Dressed to Kill [Blu-Ray]
Director : Brian De Palma
MPAA Rating : NR
Year of Release : 1980
Stars : Michael Caine (Dr. Robert Elliott), Angie Dickinson (Kate Miller), Nancy Allen (Liz Blake), Keith Gordon (Peter Miller), Dennis Franz (Detective Marino)
Few movies have become lightning rods for the kind of intense, focused public controversy that swirled around Brian De Palma’s Dressed to Kill when it was released during the summer of 1980. The highly stylized and seductive mixture of sex and violence in De Palma’s elaborate reworking of Alfred Hitchcock’s Psycho (1960) became the cause célèbre of feminists, politicians, and civic groups, especially those that had for years laid the blame for a violent society at the feet of its artists. The rhetoric surrounding the condemnation of Dressed to Kill was extreme, moving beyond accusations of causing violent behavior in its viewers to literally equating the movie to murder. It was, they would have us believe, dangerous.
There is only one way to view Dressed to Kill as dangerous, and that is if you are literal enough to read it straight. De Palma’s career has been hounded by accusation of misogyny because too many people think he is serious about his subject matter. They miss (or ignore) De Palma’s guiding voice behind the camera lens telling us that, beneath its literal exterior, this is all an elaborate parody. Dressed to Kill, with its transsexual serial killer, graphic murder scenes, and steamy shower fantasies that turn suddenly violent is too easy to find offensive if you read it literally, which is exactly what many people did.
But, once you absorb De Palma’s intricate camerawork, take into account the mixture of straight and over-the-top performances by the actors, and look at how Pino Donaggio’s orchestral score works ironically against the action on-screen, a whole different experience emerges, one that is a brilliant send-up of suspense and horror conventions that is, at the same time, extremely suspenseful and often vary scary. Some react against De Palma’s movies because they work too well. If he were a shabby, lazy director who made bad movies with violence against women, no one would care. The problem is that he is too skilled, too perceptive about how our buttons get pushed, and too adept at manipulating our emotions; people get angry because he works them over, but only the ones who can’t see the humor in it all, especially their own vulnerability in the darkness of the movie theater.
This is where De Palma excels, as did his spiritual cinematic mentor, Alfred Hitchcock. Hitchcock could get away with it because, since the late 1950s, he had been elevated to auteur status among academics and the high-art crowd. In 1980, De Palma was still viewed by many as a hack, despite his being highly acclaimed by film critics throughout the 1970s. It is at this point, of course, that we should not forget how intensely negative was the response to Hitchcock’s Psycho--now an undisputed cinematic masterpiece and historical milestone--when it was first released. Stanley Kauffman, writing in The New Republic, could have been writing about Dressed to Kill when he complained that Hitchcock employed “his considerable skill in direction and cutting and in the use of sound and music to shock us past horror-entertainment into resentment.”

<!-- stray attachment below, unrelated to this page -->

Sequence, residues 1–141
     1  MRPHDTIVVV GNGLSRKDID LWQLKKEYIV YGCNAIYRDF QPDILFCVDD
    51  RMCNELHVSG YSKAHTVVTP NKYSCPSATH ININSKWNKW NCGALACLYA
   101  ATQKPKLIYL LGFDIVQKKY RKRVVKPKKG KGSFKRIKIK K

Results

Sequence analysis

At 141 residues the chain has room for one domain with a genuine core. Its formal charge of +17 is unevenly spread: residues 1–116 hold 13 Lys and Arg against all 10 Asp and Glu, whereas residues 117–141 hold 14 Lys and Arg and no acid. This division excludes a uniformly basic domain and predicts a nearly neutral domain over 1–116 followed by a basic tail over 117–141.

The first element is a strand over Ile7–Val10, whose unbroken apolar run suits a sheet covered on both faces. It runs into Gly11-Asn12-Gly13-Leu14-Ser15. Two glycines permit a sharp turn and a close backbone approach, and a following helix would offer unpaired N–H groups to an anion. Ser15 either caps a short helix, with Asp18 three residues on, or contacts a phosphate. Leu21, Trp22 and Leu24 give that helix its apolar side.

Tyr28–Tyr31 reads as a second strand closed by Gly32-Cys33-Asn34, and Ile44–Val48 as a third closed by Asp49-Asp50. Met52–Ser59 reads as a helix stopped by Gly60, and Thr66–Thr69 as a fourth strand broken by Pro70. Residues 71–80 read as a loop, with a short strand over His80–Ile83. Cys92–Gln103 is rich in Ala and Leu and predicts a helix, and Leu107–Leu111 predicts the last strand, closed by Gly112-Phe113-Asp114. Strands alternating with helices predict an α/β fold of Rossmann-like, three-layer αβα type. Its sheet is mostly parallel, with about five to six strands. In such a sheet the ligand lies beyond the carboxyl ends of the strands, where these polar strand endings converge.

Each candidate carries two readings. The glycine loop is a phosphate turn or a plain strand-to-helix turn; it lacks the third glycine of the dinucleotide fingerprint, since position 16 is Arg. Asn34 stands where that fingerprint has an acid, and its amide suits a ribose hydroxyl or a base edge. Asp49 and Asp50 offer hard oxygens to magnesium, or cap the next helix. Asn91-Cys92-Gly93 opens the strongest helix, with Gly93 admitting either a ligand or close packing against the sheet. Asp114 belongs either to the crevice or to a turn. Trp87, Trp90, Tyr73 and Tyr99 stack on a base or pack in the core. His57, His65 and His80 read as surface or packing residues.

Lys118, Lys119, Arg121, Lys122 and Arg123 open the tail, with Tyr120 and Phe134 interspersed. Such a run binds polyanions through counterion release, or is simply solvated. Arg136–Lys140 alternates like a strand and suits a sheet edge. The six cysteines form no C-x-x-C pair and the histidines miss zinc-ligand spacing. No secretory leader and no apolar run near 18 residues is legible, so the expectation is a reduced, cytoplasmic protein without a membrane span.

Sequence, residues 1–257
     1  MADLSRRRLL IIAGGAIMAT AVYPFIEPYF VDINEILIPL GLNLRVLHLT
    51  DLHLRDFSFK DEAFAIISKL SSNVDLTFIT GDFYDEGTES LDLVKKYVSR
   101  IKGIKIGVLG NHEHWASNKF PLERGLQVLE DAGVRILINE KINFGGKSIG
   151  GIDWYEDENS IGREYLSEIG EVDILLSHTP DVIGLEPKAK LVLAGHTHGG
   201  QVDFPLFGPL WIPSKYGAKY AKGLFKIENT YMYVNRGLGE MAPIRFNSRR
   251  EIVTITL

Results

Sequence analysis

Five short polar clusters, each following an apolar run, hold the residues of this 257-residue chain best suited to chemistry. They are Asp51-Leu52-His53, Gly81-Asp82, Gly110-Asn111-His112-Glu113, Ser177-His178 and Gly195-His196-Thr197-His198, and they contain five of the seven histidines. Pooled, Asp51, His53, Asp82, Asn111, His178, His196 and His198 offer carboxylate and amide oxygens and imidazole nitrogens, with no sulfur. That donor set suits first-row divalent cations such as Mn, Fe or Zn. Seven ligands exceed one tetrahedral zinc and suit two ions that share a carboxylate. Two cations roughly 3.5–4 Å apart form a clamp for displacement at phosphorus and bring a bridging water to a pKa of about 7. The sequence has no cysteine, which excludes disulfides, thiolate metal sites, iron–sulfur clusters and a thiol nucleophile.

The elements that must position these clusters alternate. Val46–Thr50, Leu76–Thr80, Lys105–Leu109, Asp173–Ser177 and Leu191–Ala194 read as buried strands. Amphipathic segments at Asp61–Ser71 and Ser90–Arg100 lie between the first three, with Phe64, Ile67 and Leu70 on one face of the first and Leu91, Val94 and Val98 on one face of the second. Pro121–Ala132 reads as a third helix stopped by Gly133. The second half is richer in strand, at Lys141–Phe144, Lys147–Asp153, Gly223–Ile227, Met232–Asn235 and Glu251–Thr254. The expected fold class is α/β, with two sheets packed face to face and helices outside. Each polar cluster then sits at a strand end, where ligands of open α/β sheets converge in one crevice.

Like Psycho, it is difficult to describe the plot of Dressed to Kill without giving away its secrets. Suffice it to say that it is a murder-mystery that involves a sexually frustrated housewife (Angie Dickinson), her brainy, inventive teenage son (Keith Gordon), her psychoanalyst (Michael Caine), and a high-price call girl (Nancy Allen). The murderer in the film is a transsexual named Bobbi who is also one of Caine’s patients, which raises the interest of the investigating detective (Dennis Franz). Like Psycho, it is structured around a sudden shift in audience identification, as De Palma succeeds in getting us to identify wholly with one character, before introducing a sudden murder and then switching the identification to another character. He does this exceptionally well, and it helps that the two characters with whom we are meant to identify are interesting and likable people, well-played by the actors.
As a director, De Palma had reached his greatest point of maturity with Dressed to Kill; it is a movie in which he is completely and utterly in control of every detail, no matter how seemingly insignificant. The movie has a trashy, almost contemptible brilliance, and as Kauffman complained about Hitchcock, I think many thought De Palma was squandering his talent on junky murder and horror movies laced with pop psycho-babble and lots of blood and nudity. Yet, it is exactly this kind of material that cries out for the treatment De Palma lavishes on it because, otherwise, it sinks into mediocrity. He infuses the material with a dark wit and punches it up with dirty, but recognizable sexual fantasies and an overriding theme about guilt. In terms of the mechanics of writing, De Palma is not particularly great; the structure of Dressed to Kill is almost too much a reflection of Psycho (right down to the tedious explain-all scene at the end), and his dialogue is often flat. Yet, he brings the story to life with bombastic visual aplomb and an ironic sensibility. He refuses to take himself too seriously, which is why so many others did.